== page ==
It sounds daunting to consider the New Jersey Attorney General will consider a criminal probe of drugmaker Merck because a jury decided it misled federal regulators about the dangers of painkiller Vioxx.
But in reality, court officials and analysts said there is no telling when—or if—Merck will face a state criminal probe.
The Attorney General’s office and the New Jersey court administrative office gave a collective shrug to the automatic referral of the case of John McDarby, a 77-year-old Park Ridge man awarded $13.5 million in punitive and compensatory damages.
“That’s really a matter for the judiciary to respond to,” said Lee Moore, spokesman for the Attorney General Zulima Farber. “As far as the time frame, that is something that should be addressed to the court.”
Tammy Kendig, a spokeswoman at the Office of the Administrator of Courts, simply read back the law, and added: “There is no deadline set out.”
Anthony Coley, a spokesman for Gov. Jon Corzine, directed questions to Moore. By a 7-to-1 vote Tuesday, jurors in Atlantic City found Whitehouse Station-based Merck knowingly withheld information from the Food
and Drug Administration and the company’s misconduct was “wanton and willful.” The jury ordered the company to pay $9 million in punitive damages.
The verdict was the first time a New Jersey jury awarded damages against a drug company under the Punitive Damages Act, a statute passed 11 years ago as part of a tort reform effort. The jury finding triggered the law that says “any action in which punitive damages have been awarded” shall be referred for investigation of a possible “criminal act” by the defendant by state and Atlantic County officials.
Kenneth Frazier, Merck’s general counsel, said in a conference call with reporters Tuesday that the company would appeal the jury’s decisions based on the belief that Judge Carol Higbee inappropriately restricted testimony and evidence in the trial, which combined the case of McDarby, 77, and Thomas Cona, 60, of Cherry Hill.
While Merck stock has been battered by potential Vioxx liability, shares prices showed only minor declines in the wake of the verdict and Wall Street analysts seem unconcerned about the latest news. Jami Rubin, a Morgan Stan ley analyst, in a research note predicted the punitive award—and any state criminal probe—would be overturned on appeal because the case “makes a mockery of the whole jury system.”
Both McDarby and Cona said they were long-term users of Vioxx. The jury had rejected Cona’s claim Vioxx triggered his heart attack.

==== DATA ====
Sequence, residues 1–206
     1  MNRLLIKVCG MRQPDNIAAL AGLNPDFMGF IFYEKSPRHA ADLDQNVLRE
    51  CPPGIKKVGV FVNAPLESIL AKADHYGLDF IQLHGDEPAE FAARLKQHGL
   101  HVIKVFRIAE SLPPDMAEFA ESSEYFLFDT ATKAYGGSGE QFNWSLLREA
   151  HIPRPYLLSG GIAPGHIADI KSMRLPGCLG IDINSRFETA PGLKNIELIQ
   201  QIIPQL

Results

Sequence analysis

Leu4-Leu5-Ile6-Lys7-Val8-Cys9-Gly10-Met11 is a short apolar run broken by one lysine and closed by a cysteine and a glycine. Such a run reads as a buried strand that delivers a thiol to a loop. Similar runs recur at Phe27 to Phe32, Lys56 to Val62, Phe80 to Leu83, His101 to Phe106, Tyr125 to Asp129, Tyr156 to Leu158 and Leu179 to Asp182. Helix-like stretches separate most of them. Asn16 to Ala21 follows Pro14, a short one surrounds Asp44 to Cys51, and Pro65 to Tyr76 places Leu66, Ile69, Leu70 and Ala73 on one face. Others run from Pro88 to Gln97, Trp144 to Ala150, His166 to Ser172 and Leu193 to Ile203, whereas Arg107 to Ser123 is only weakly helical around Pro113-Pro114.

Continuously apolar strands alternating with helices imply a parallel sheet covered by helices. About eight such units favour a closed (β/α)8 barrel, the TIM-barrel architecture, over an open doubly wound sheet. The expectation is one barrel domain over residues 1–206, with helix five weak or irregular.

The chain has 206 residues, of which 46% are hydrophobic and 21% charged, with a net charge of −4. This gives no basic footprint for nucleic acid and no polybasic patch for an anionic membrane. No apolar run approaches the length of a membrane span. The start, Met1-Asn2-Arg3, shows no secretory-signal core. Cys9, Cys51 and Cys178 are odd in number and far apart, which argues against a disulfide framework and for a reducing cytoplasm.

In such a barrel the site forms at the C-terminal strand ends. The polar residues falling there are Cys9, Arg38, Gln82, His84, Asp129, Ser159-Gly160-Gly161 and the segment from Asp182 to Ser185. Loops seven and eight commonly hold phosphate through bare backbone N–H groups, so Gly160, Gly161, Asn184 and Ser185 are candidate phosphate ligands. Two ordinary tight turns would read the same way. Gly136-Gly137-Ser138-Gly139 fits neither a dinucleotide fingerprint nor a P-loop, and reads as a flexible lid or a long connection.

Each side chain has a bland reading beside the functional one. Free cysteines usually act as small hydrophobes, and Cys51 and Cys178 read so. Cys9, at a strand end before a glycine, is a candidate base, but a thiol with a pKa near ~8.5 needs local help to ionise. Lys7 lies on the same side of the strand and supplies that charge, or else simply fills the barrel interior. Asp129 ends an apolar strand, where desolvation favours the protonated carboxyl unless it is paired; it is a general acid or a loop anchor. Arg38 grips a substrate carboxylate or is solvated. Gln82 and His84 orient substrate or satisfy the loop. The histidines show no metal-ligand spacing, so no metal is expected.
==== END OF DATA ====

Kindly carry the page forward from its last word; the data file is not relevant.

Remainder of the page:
In addition to the mixed results in Cona’s case, Merck has won two and lost two other Vioxx trials. Another case is under way in federal court in Texas and thousands more are pending.
Merck withdrew Vioxx from the market after a study linked the painkiller to heart attacks and strokes after prolonged use—18 months or more. Vioxx was taken by an estimated 20 million Americans from 1999 to 2004.
While federal prosecutors have been investigating the company’s marketing of the drug, a probe by officials in the drugmaker’s home state is no small matter, said Victor Schwartz, general counsel for the American Tort Reform Association.
“It’s tough enough to face a plaintiff lawyer. To face a plaintiff lawyer and state attorney general could make your life difficult,” said Schwartz, whose Washington, D.C.- based group is funded, in part, by drugmakers. “A reasonable attor ney general would see these were not the type of violations the law contemplated.”
New Jersey’s Punitive Damages Act was born of an attempt by companies to restrict the amount that could be awarded in a trial. They succeeded in having punitive damages limited to five times any compensatory damages. To discourage companies from considering a punitive damage award as a cost of business, the American Trial Lawyers Association managed to have a referral for a criminal investigation added to the law, according to Chris Placi tella, an attorney who helped draft the law and also has many Vioxx cases.
“That part of the statute is necessary if we’re to prevent compa nies from placing profits over lives,” said Placitella, who said he quickly wrote the original wording on a dinner napkin during a late-night negotiation. Merck has another motive for appealing the McDarby verdict: Punitive damages aren’t covered by insurance.